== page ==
ADRIANA NAVIA COUREMBIS, Financial Officer MARIA LUND DAHLBERG, Program Officer, Board on Higher Education and Workforce ELIZABETH GARBEE, Christine Mirzayan Science and Technology Policy Fellow, Board on Higher Education and Workforce (January to April 2018) YASMEEN HUSSAIN, Christine Mirzayan Science and Technology Policy Fellow and Associate Program Officer, Board on Higher Education and Workforce (January to July 2017) JAY LABOV, Senior Advisor for Education and Communication FREDERIC LESTINA, Senior Program Assistant BARBARA NATALIZIO, Program Officer, Board on Higher Education and Workforce IRENE NGUN, Research Associate THOMAS RUDIN, Director, Board on Higher Education and Workforce Consultants JOSEPH ALPER, Writer MARGARET BLUME-KOHOUT, Visiting Professor in Economics, Colgate University JENNIFER LEBRÓN, Doctoral Student, Higher Education and International Education, George Mason University JESSICA ROBLES, Senior Research Associate, Research Triangle International ROBIN WISNIEWSKI, Director of Education Systems Improvement, Research Triangle International vi PREPUBLICATION COPY – UNEDITED PROOFS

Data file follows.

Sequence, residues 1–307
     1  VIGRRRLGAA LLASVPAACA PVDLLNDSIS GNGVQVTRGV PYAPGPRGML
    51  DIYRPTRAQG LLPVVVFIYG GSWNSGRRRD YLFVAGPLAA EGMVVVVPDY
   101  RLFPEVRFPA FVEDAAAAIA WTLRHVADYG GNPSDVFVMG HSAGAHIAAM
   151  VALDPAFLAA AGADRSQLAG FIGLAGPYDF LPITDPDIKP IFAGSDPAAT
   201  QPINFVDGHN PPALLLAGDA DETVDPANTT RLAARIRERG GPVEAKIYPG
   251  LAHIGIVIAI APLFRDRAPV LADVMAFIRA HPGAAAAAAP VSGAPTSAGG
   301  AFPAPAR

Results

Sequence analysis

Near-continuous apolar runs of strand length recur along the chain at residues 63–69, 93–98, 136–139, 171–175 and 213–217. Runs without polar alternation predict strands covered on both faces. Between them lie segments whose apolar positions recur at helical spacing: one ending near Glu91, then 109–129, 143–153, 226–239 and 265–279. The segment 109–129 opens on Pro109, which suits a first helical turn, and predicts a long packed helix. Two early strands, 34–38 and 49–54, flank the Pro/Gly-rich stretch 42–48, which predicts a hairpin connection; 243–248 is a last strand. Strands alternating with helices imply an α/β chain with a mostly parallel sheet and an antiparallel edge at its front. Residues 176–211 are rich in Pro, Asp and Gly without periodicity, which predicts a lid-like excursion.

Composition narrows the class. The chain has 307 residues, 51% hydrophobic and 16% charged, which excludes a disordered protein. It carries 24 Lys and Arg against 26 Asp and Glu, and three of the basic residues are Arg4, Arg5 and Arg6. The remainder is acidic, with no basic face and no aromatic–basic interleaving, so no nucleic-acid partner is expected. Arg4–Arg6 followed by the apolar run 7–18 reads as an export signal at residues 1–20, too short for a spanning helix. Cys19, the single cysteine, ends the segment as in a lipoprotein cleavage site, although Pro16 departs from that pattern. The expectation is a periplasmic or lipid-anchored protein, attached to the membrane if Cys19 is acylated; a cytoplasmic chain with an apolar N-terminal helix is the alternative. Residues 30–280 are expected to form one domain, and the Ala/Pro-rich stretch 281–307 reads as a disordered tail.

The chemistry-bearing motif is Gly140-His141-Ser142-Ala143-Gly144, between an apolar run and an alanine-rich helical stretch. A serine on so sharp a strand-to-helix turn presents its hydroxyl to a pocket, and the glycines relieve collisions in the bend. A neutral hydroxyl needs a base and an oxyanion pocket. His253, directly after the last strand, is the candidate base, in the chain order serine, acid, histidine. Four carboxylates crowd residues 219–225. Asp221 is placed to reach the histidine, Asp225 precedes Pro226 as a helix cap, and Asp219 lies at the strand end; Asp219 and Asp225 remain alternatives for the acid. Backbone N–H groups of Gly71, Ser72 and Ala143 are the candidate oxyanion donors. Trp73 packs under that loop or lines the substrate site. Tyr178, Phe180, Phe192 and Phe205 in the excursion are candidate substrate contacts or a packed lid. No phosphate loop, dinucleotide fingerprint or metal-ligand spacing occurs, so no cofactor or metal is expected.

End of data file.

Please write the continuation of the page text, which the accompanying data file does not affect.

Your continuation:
BOARD ON HIGHER EDUCATION AND WORKFORCE Members RICHARD K. MILLER, Chair [NAE], President, Olin College of Engineering LAWRENCE D. BOBO [NAS], W.E.B. Du Bois Professor of the Social Sciences, Department of Sociology, Harvard University ANGELA BYARS-WINSTON, Professor of Medicine, University of Wisconsin-Madison JAIME CURTIS-FISK, Scientist and STEM Education Advocate, Dow Chemical Company APRILLE ERICSSON, Capture-Mission Manager, NASA Goddard Space Flight Center RICHARD FREEMAN, Herbert Ascherman Professor of Economics, Harvard University PAUL J. LEBLANC, President, Southern New Hampshire University SALLY F. MASON, President Emerita, University of Iowa FRANCISCO RODRIGUEZ, Chancellor, Los Angeles Community College District SUBHASH SINGHAL [NAE], Battelle Fellow Emeritus, Pacific Northwest National Laboratory KUMBLE R. SUBBASWAMY, Chancellor, University of Massachusetts Amherst SHELLEY WESTMAN, Senior Vice President, Alliances & Field Operations, Protegrity MARY WOOLLEY [NAM], President and CEO, Research! America Board Staff AUSTEN APPLEGATE, Senior Program Assistant ASHLEY BEAR, Program Officer LIDA BENINSON, Program Officer ALLISON BERGER, Senior Program Assistant JAIME COLMAN, Senior Program Assistant (Until December, 2017) MARIA LUND DAHLBERG, Program Officer YASMEEN HUSSAIN, Associate Program Officer (Until July 2017) LEIGH JACKSON, Senior Program Officer FREDRICK LESTINA, Senior Program Assistant BARBARA NATILIZIO, Associate Program Officer IRENE NGUN, Research Associate LAYNE SCHERER, Program Officer THOMAS RUDIN, Director vii PREPUBLICATION COPY – UNEDITED PROOFS